Heroes and Fakes: A New Girl Makes it Through the Pack

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“Hi, I’m Sue Flay.” “Hey Sue, I’m Hero Shima.”

“Oh, I KNOW.”

Dude, I say to myself. Be cool. Be. Cool.

It’s hard to shut down the fan girl inside. She’s been watching these women kick butt and take names for two years. Without having met them, I fell in love with them all. Now, suddenly, they’re peers. Mentors. Teammates. Family. The change happened too quickly for my brain (and my heart) to catch up.

Now, I’m no longer nourishing a girl crush from afar; I’m playing with them at scrimmage. My first time playing the game, I found myself standing in a pack of my heroes. I lined up next to my very first derby crush, Graves. I prayed she wouldn’t notice me skating there, and just how useless I would surely be. The whistle blew and we were off.

That first scrimmage was utter confusion. Everyone was moving and jostling for position, and my little brain could not keep up. Suddenly, I was acutely aware of my clumsiness when picking up my feet. Then, “The jammer’s coming; she’s on the outside. Move to the outside!”

Oh snap. We needed to stop her right? This wasn’t a drill; we were playing a game and I had a job to do. While I looked around to catch my bearings, Graves put her hands on my side and shoved with all her might. I didn’t move an inch. I remember thinking, I wonder what her deal is. Is she trying to tell me something? I looked over at her to see, and WHOOSH! The jammer passed me on the outside.

It’s easy to skate away from situations like this frustrated, disappointed, or angry with myself. Next to these powerful and talented heroes of mine, I’m like a five-year-old trying on her mom’s skates for the first time. Watching them hitting and being hit, running through a pack, or jumping the apex, I can’t help feeling like I’ll never get there. The first couple months of practice, I skated in fear that someone would finally take a good look at me skating, realize I didn’t belong, and nicely ask me to go home.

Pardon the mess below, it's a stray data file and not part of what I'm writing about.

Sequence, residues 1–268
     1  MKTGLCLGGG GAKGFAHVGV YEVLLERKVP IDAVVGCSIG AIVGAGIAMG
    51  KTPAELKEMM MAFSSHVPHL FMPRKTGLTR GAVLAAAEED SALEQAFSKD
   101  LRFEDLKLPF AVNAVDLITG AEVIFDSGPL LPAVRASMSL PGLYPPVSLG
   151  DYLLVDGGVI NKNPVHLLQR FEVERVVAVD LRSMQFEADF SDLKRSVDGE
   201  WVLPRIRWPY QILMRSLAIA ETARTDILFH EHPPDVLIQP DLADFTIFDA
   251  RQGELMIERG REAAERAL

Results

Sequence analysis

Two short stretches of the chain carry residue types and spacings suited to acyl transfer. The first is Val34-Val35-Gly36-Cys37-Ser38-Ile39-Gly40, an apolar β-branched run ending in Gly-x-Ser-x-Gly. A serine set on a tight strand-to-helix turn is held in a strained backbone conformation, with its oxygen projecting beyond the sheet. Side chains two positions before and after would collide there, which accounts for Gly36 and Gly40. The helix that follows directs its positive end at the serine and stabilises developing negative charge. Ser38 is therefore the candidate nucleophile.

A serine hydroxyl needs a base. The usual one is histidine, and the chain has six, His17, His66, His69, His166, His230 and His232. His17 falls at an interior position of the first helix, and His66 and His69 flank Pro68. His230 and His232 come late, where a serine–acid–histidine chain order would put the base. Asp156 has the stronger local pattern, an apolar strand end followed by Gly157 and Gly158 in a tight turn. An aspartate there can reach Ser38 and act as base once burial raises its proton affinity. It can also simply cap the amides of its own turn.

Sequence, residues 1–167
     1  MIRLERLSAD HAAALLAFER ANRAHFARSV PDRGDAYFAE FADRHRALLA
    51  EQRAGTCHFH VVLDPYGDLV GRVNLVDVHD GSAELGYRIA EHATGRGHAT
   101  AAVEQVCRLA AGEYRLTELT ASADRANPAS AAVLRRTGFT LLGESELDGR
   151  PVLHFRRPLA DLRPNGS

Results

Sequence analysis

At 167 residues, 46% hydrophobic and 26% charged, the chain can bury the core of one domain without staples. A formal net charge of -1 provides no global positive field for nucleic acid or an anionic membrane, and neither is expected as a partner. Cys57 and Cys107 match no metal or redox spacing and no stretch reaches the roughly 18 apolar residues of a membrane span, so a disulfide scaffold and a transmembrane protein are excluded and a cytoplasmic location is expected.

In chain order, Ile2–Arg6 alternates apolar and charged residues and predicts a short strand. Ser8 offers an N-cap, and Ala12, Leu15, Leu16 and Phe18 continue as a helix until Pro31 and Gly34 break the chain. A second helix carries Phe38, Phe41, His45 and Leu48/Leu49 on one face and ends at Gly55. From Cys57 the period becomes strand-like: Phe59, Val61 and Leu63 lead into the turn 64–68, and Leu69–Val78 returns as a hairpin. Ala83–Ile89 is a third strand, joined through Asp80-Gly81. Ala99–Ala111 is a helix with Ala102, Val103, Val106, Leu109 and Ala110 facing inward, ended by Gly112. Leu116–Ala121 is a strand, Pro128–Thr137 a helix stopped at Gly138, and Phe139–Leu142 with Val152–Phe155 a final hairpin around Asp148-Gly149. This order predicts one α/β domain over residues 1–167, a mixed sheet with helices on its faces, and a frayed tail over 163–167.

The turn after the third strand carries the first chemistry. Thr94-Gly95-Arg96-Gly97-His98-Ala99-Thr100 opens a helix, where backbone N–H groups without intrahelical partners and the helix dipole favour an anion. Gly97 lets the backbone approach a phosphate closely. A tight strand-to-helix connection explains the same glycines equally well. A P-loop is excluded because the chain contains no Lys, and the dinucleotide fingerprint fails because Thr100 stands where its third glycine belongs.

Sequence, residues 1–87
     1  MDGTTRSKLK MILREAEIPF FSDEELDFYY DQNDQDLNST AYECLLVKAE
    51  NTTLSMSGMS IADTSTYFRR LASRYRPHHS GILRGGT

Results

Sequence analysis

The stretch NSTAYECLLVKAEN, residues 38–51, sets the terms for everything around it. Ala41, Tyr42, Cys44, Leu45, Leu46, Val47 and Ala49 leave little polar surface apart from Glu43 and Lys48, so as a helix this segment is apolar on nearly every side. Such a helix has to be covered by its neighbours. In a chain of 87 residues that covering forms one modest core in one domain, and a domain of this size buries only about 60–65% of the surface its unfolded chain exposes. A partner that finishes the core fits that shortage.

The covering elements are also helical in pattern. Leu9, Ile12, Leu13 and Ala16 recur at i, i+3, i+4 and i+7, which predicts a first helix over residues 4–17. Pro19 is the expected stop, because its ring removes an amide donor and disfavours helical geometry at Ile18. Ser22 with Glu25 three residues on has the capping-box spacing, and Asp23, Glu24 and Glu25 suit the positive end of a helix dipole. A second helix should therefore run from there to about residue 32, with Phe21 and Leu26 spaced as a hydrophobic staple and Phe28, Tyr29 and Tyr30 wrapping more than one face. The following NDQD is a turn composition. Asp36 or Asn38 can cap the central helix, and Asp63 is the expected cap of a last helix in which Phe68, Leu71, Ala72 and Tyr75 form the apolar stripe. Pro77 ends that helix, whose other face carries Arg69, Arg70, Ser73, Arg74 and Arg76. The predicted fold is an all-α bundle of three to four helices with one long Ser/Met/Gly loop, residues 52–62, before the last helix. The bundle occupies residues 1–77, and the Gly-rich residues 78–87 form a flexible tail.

Of course this didn’t happen. Everyone in our league has been nothing but nice, supportive, and encouraging. Every negative word, every fear, and every anxiety came from me, and me alone. I’ve since learned that the fear of being discovered as a fake commonly affects women. People usually talk about Imposter Syndrome in relation to their careers, but it would make sense that I would become afflicted with it in relation to derby. Derby is the first thing I’ve tried in my life that I haven’t been good at. I’ve had to fight for every skill and every accomplishment.

Along the way, though, I’ve learned invaluable things about how I handle challenges. I’m learning to be kinder to myself, and give myself room and time to grow as a skater. Rather than leave practice thinking of all the wonderful things these women do that I can’t, and what kind of skater that makes me, I think of one thing that I improved while I was there. The same talented skaters I’ve been comparing myself to are the ones encouraging me to use my strength, telling me to use the booty my mama gave me, or reassuring me that I’m doing a good job. I’m trying to listen to them, and be nurturing to myself in the same way.

In the end, these heroes of mine give me something to aspire to and something to fight for. These women—my family—they deserve someone who fights for them, and for herself. So, I will fight. I will fight to be the best skater I can be. That skater is starting to take shape in my head, and she’s not Lola or Helsa or Smashley. She has her own strengths, her own power, and her own way. It’s just a matter of time and practice until I catch up to her.
Sue Flay